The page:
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I'm using Jenkins multi-line string parameter to append new entries to a yaml file. But then I want to format those entries to match the yaml syntax.

The desired end result is:

var:
  - subvar1
  - subvar2
  - subvar3
  ...

What I have done so far is:

I'm running a shell script which takes that multi-line string parameter (an environment variable) which looks like subvar1\nsubvar2\nsubvar3 and appends it into the yaml file. So, my line code looks like this:

printf "var:\n${HOSTNAMES}" >> ${WORKSPACE}/group_vars/all

The yaml file looks like this after that:

var:
subvar1
subvar2
subvar3

I am seeking assistance from you guys on how to add two spaces and a hyphen then a space before each line that comes after var:

EDIT: If SED or AWK is not a good idea to do this, what is a better way to do it?

  • 1
    Why not put the hostnames in an array, and then do { printf 'var:\n' ; printf ' - %s\n' "${HOSTNAMES[@]}"; } >> wherever? – steeldriver Feb 28 '17 at 18:02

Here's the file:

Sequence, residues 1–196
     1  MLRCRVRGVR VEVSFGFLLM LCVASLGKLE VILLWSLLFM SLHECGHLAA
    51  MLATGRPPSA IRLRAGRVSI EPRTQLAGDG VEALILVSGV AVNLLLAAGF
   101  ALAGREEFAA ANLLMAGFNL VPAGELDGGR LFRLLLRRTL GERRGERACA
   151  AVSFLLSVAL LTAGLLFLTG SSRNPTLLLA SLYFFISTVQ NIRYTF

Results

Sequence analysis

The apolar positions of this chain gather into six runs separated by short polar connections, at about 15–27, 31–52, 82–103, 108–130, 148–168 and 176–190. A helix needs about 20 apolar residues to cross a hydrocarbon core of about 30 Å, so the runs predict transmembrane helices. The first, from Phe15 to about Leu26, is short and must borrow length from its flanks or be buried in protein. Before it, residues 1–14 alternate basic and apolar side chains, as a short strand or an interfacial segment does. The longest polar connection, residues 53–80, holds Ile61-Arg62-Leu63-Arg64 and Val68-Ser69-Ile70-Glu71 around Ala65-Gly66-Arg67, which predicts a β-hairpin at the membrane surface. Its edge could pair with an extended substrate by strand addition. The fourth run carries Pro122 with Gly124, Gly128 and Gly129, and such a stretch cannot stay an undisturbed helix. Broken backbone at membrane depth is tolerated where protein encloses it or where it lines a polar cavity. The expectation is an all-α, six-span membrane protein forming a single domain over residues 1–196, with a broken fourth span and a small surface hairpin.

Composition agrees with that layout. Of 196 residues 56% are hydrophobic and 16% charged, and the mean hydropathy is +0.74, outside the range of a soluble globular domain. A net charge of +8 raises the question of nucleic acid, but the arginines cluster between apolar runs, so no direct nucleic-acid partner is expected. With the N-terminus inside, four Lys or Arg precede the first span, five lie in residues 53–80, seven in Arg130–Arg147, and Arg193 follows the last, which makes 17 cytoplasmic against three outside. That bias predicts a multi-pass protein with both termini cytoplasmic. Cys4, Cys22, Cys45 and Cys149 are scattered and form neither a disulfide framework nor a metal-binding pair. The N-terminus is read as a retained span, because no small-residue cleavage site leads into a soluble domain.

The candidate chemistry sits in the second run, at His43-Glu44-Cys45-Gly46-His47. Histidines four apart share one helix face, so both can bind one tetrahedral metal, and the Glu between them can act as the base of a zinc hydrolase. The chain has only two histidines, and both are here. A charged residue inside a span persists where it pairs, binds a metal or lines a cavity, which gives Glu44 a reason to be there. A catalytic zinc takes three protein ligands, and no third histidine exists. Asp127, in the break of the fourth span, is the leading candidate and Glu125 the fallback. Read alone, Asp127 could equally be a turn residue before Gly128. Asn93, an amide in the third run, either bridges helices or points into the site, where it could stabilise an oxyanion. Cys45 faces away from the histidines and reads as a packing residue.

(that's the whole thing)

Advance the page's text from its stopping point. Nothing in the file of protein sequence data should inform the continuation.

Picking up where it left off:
• @don_crissti, I'm pretty bad at sed/awk hence why I'm seeking help. – Fadi Feb 28 '17 at 18:06
  • @steeldriver, I'll try that! – Fadi Feb 28 '17 at 18:08
  • 1
    you need to iterate over ${HOSTNAMES[@]} with a for loop. for h in ${HOSTNAMES[@]}; do echo " - ${h}" >> file; done. – DopeGhoti Feb 28 '17 at 18:24
  • 1
    You could use a YAML parser for Perl or Python, or you could use something like this utility (written in Go). – Satō Katsura Feb 28 '17 at 18:55
1

If those are literal newlines in that variable, you can do:

HOSTNAMES='subvar1
subvar2
subvar3'
(IFS=$'\n'; printf -- "- %s\n" $HOSTNAMES)   # variable is unquoted
- subvar1
- subvar2
- subvar3

If you have the literal \ and n characters, then this has the same result:

HOSTNAMES='subvar1\nsubvar2\nsubvar3'
printf "$HOSTNAMES\n" | sed 's/^/- /'
1

With a bash array:

$ HostNames=( host1 "host two" host3 )
$ { printf 'var:\n' ; printf -- '  - %s\n' "${HostNames[@]}"; } > somefile
$ 
$ cat somefile
var:
  - host1
  - host two
  - host3

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